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Llanover House

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Map ReferenceSO30NW
Grid ReferenceSO3160008650
Unitary (Local) AuthorityMonmouthshire
Old CountyMonmouthshire
Type Of SiteHOUSE
PeriodPost Medieval
Llanover House, built in 1837 and designed by Thomas Hopper, was a substantial 3-storied building with stone mullioned windows and a low decorative parapet around the top of the house. There were distinctive tall hexagonal brick chimneys in sets. The owners, Sir Benjamin and Lady Hall, intended Llanover House to become the recognised centre of the promotion of the Welsh language and culture. The house was demolished in 1936.

Source: early black and white postcard, undated.

RCAHMW, 15th January 2008.

Llanover Hall holds a special place in the modern history of the revival of Welsh-language culture and literature. The mansion was a comparatively recent addition to the list of Welsh country houses, commissioned by Benjamin and Augusta Hall, Lord and Lady Llanover in the year 1828, and deigned by Thomas Hopper.

Benjamin Hall (1802?1867) was a wealthy civil engineer, MP and social reformer from Abergavenny. As he was responsible for overseeing the later phases of rebuilding of the Houses of Parliament, it is thought that `Big Ben?, the large bell in the clock tower that was installed under his supervision, was nicknamed after him. In 1823, he married Augusta, nee Waddington, (1802?1896) from nearby Abercarn.

Lady Llanover's chief interests were the study of Welsh history, language and literature. She adopted the bardic name Gwenynen Gwent (the Bee of Gwent) and as a patron of the arts, she engaged a series of domestic harpists to work at her house and, further, encouraged the revival of country fashion worn by the peasantry in different parts of Wales. So fond was she of the various locally produced dresses that she took to wearing a more gentrified version during various cultural celebrations and festivities, and it may be claimed that Lady Llanover created the `national costume? of Wales. (As Benjamin Hall did not quite share his wife's penchant for dressing in country fashion, there is no male equivalent to the women's costume.)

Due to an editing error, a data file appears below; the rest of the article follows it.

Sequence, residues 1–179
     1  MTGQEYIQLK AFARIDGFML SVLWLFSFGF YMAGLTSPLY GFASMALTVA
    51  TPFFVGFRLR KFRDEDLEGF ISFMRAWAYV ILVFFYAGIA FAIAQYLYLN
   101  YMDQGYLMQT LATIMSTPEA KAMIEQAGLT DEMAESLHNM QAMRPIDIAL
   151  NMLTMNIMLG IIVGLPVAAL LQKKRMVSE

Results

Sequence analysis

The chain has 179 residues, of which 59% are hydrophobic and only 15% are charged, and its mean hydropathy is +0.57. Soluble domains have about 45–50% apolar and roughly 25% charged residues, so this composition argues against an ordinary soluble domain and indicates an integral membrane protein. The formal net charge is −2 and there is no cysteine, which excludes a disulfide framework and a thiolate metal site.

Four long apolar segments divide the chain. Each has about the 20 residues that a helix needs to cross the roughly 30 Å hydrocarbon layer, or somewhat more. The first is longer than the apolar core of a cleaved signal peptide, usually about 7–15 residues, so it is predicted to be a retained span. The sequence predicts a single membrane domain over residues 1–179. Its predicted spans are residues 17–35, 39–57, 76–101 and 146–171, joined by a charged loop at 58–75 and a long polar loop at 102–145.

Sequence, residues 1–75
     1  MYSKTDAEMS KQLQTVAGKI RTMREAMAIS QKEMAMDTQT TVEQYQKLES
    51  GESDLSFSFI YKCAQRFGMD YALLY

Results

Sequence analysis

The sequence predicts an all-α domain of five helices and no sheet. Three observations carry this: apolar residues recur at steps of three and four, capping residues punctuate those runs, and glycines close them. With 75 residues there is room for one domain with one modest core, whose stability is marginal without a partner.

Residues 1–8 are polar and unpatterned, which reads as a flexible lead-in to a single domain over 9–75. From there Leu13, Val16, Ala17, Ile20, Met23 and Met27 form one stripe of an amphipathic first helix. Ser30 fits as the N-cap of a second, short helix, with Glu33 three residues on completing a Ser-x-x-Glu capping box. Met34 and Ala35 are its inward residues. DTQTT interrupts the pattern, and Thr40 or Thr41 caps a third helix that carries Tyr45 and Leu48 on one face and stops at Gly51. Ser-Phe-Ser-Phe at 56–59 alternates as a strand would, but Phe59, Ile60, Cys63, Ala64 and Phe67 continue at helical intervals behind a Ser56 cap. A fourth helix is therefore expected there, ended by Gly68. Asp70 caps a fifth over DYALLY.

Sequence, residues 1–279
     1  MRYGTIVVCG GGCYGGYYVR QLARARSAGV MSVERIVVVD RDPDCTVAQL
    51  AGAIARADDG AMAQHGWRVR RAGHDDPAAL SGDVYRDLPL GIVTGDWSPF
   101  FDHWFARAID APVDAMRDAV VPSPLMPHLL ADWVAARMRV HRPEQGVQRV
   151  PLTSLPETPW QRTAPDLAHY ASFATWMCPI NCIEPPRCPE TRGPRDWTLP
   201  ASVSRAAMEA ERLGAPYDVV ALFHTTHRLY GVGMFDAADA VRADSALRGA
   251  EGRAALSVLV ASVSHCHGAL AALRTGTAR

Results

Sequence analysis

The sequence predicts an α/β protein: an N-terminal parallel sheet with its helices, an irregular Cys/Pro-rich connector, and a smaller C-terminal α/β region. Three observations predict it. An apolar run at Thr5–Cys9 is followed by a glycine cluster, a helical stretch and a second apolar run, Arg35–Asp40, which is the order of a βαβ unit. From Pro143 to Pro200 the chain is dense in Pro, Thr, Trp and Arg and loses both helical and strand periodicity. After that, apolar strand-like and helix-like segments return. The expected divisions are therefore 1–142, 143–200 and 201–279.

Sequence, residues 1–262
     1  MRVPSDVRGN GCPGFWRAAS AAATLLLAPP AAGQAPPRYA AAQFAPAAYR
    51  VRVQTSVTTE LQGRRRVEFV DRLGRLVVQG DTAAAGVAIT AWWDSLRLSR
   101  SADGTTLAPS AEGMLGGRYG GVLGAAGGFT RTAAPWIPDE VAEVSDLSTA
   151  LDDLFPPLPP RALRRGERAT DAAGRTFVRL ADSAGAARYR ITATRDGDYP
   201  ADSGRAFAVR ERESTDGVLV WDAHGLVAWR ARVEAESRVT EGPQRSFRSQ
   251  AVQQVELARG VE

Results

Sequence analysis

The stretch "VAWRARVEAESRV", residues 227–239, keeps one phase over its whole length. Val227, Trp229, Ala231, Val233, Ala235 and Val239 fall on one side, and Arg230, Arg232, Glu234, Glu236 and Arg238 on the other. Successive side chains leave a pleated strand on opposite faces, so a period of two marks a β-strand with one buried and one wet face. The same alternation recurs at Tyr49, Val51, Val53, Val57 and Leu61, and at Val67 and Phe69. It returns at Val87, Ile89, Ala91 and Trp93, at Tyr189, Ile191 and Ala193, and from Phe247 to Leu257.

In addition, Lady Llanover was a collector of manuscripts and established the annual Cymreigyddion Y Fenni, a local eisteddfod to which she invited many international guests who shared her fondness of Welsh poetry and music. She was a patron of the Welsh Manuscripts society, funded the compilation of a Welsh dictionary and was instrumental in the founding of Y Gymraes, the first Welsh language periodical for women. Over the years, prominent guests included her German brother-in-law, the diplomat Christian Carl von Bunsen, as well as Theodore Claude Henri, vicomte Hersart de la Villemarque, from Brittany who was initiated as a bard into the Gorsedd.

Llanover Hall, renamed to Llanover House, was largely demolished in 1936, but the surviving range remains a private home with a large garden and park. The owners frequently open the doors to the general public to enjoy the carefully maintained, 200-year old, landscape garden that had been commissioned by its first owners, Benjamin and Augusta, as well as continue the tradition of tree-planting themselves.

Record updated as part of the AHRC-funded project 'Journey to the Past: Wales in historic travel writing from France and Germany'.
R. Singer (Bangor University) and S. Fielding (RCAHMW), 2017.
application/pdfETW - European Travellers to Wales ProjectDescription of a visit to Llanover Hall by Arthur Erny from 'Voyage dans le pays de Galles' (1862). Text available in Welsh, English, French and German. Produced through the European Travellers to Wales project.